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Article
Effects of Initial-Link Duration on Preference and Resistance to Change in Concurrent-Chains Schedules
Behavioural Processes (2009)
  • Corina Jimenez-Gomez, Utah State University
  • Christopher A. Podlesnik, Utah State University
  • Timothy A. Shahan, Utah State University
Abstract

Previous studies with concurrent-chains procedures have shown that preference for a terminal-link signaling a higher reinforcement rate decreases as initial-link durations increase. Using a concurrent-chains procedure, the present experiment examined the effects of manipulating initial-link duration on preference and resistance to disruption with rats nose poking for different rates of food reinforcement in the terminal links. Consistent with previous findings, preference for a terminal link with a higher reinforcement rate decreased with longer initial links. Conversely, relative resistance to disruption in the terminal link with a higher reinforcement rate increased with longer initial links. These findings are counter to the prediction of behavioral momentum theory that preference and resistance to change should be positively related.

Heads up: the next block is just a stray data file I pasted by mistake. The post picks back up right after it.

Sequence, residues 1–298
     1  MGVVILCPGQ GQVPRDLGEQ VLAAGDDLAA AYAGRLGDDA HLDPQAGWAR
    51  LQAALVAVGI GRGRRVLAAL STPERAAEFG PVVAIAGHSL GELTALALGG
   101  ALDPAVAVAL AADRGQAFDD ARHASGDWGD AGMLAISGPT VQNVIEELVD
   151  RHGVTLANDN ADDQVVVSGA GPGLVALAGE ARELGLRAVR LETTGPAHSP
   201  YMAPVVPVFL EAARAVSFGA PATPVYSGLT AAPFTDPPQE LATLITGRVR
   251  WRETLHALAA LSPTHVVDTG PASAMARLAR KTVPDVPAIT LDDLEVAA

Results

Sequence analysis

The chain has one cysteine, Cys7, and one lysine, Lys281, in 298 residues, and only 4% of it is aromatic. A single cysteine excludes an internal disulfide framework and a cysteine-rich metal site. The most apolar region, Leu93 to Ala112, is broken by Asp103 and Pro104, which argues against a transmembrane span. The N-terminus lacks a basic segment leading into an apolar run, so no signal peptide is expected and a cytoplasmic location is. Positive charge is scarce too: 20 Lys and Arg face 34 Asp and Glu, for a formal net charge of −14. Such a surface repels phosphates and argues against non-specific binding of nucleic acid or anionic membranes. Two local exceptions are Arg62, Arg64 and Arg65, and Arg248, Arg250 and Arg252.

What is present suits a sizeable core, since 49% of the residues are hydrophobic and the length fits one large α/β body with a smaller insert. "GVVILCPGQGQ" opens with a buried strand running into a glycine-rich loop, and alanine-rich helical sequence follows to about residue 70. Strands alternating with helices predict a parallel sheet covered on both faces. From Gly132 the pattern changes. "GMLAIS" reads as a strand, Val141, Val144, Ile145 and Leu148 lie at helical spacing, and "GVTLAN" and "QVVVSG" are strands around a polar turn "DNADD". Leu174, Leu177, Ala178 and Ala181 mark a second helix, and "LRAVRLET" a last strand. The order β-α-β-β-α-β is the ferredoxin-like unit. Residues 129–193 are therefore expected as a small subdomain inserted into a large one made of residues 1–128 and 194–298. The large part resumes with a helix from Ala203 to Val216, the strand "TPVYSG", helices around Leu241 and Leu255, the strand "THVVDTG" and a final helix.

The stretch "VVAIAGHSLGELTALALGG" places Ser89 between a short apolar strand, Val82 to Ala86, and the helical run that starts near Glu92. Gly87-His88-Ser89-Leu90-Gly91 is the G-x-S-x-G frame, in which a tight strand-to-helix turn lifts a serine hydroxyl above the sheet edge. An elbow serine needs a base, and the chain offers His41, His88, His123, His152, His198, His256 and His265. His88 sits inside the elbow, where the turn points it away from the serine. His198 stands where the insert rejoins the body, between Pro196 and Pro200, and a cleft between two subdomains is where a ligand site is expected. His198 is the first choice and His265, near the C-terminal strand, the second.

Keywords
  • Behavioral momentum theory,
  • Concurrent chains,
  • Preference,
  • Resistance to change,
  • Nose poke,
  • Rat
Publication Date
January 1, 2009
Publisher Statement
Originally published by Elsevier. Publisher's PDF and HTML fulltext available through remote link.
Citation Information
Jimenez-Gomez, C., Podlesnik, C. A. & Shahan, T. A. (2009). Effects of initial-link duration on preference and resistance to change in concurrent-chains schedules. Behavioural Processes, 81, 223-226.